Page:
Parks College Parachute Research Group
High Performance Canopy Shoulder-Down Deployment Study
last update September 2005
Investigator: Gary Peek
This study was undertaken to try to understand why a Performance Designs Stiletto 150
canopy, which normally opens with a comfortable snivel and in a normally controlled manner,
should open hard and fast with no sniveling when deployed with the shoulders not level.
Note: My previous high performance canopy was the Performance Designs Sabre 150, which
I never noticed to exhibit this type of opening under these conditions.
Before I began jumping high performance canopies I had gotten used to looking over my
right shoulder to observe my pilot chute deployment, and have often seen my deployment
bag leave my back also. Although I have retrained myself to avoid doing this when jumping
high performance canopies, I still revert to looking back occasionally. Therefore, my first
experience with the effects of doing this probably came on my first two jumps on my
Stiletto 150. I had jumped Stiletto's of various sizes before and had experienced typical
openings, but when jumping my new Stiletto for the first few times I was probably
apprehensive about the opening as one might expect after connecting a new canopy, and
I probably looked back during deployment.
The first two openings were very fast and somewhat uncomfortable, however they occurred
so quicky that the opening was on heading. I was confused as to why this was happening
on a normally well behaved canopy, but I continued jumping it that day, and the openings
were more as I expected. Since that time and after over 300 jumps on this canopy, I have
occasionally still experienced a fast and hard opening, always on heading.
The most puzzling part of these occasional hard openings is that they are on heading.
One would expect a shoulder low opening to cause a turn on opening.
Test jumps performed
To begin research on shoulder down deployments, I made several instrumented jumps
with the Stiletto 150 connected to the standard PRG riser load instrumentation, which
contains load cells attached to all 4 risers and a portable data logging system. The freefall
speeds at deployment were in the normal range of skydiving, and the sample rate from the
load cells was 1000 times a second to enable reading any short load peaks.
I was not, however, able to produce the hard, fast, on heading openings that I have
experienced in the past with shoulder down deployments. All of the jumps produced
at least a short period of sniveling before the canopy spreading, which was faster than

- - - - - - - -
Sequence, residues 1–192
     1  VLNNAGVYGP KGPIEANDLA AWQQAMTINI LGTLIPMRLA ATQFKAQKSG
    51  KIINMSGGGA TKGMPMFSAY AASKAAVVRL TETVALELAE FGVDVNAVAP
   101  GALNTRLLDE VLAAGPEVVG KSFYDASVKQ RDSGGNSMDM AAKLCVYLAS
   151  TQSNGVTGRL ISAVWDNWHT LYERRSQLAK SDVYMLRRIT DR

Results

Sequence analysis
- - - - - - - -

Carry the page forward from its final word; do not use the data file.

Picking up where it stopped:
normal, but not particularly hard or uncomfortable, and resulted in a 180 degree turn after
canopy spreading. On one of the jumps my shoulder was low enough that I even observed
the point of bag launch.
Here is an annotated graph of riser forces during a typical
deliberate left shoulder down deployment of a Stiletto 150 with a 1.7 wing loading.
This graphics file was constructed from multiple screens of the plotting program where
different periods of the opening were displayed on the different screens. In addition to the
opening forces, which are displayed on a scale to the right of the plotting screen, several
other interesting events are annotated. From the graph, one can tell, among other things,
1. when the snatch force occurs, 2. when the canopy is in the sniveling portion of the
opening, and 3. when the canopy begins flying after canopy spreading, and 4. the direction
of the turn on opening.
- Shoulder down deployments of the Stiletto cause quicker that normal openings and
tend to cause turning openings.
- Having the shoulders unlevel does not seem to be the only factor involved in
hard, fast, on heading, openings
- Hard, fast, on heading openings do not seem to be reproducable only by having the
shoulders unlevel at deployment
Further research to be done:
- Attempt to note the exact conditions present when hard, fast, on heading openings occur
- Instrument hard, fast, on heading openings once they become reproducible
- Video hard, fast, on heading openings once they become reproducible
Notice/Disclaimer: This study is not intended to provide advice on manipulating
the deployment of a canopy, but is intended only to provide information which we believe
to be interesting and informative to the skydiving community. If you have questions
regarding a particular canopy and its performance, always begin by contacting the
For questions or comments about this study contact Gary Peek at